Uber Paid $100,000 to Hackers to Discard Stolen Data

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In October 2016, hackers accessed the personal data of more than 57 million individuals who have used Uber Technologies as either customers or drivers. The information was hidden for over a year and only came to be known this year. In connection with this revelation, the chief security officer of the ride-hailing company alongside his deputy was fired for the role they played in keeping the information unknown. It is said that the hackers were paid a sum of $100,000 to cover the attack. Among the personal information that was received by the hackers were the names, email addresses and phone numbers of more than 50 million people who use Uber across the world. The hackers gained access to the personal details of more than seven million drivers. The information was inclusive of about 600,000 drivers’ licenses from the United States.

Uber went on to reveal that of all the information taken hackers, did not access the Social Security Numbers, the number of trips made and their destination or even credit card information. The hacking happened during a time when Uber was having a separate negotiation with the United States regulators who sought to look into some claims of privacy violation. Instead of reporting the hack to the regulators and to drivers whose license numbers were taken, Uber opted to pay the hackers so that they can delete the information and keep the hack concealed. According to Uber, the data obtained by hackers was not used despite the fact that they refused to reveal the identity of the hackers. While addressing this issue, Dara Khosrowshahi who became the chief executive of Uber early September this year, the action was uncalled for and is inexcusable. The hack is part of the scandals he inherited.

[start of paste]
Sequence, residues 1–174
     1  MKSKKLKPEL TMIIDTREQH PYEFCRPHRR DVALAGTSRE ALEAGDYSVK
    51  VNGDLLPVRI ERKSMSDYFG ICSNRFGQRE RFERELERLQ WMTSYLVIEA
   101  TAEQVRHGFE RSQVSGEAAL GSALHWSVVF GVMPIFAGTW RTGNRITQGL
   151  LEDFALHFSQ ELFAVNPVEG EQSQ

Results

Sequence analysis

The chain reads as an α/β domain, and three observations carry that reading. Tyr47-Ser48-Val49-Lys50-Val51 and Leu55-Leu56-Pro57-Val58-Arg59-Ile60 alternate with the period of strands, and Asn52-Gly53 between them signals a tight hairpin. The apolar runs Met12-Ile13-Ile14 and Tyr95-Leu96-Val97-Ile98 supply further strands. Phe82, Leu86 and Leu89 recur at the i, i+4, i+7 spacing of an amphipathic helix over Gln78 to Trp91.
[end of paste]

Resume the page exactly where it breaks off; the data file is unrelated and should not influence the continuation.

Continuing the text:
The information about the hack was announced on Tuesday. The New York Attorney General began an investigation into the hack immediately. In the recent days, hackers have managed to invade into companies. The Uber’s case is a little different because of the measure that it took to hide the attack. According to Uber, its former chief executive officer Travis Kalanick learned about the hacking a month after it took place. When asked about the hack, Mr. Kalanick refused to comment. The chief of security Joe Sullivan is said to have led the response to the last years hack. He is also supposed to have played key roles in making decisions that affected Uber.

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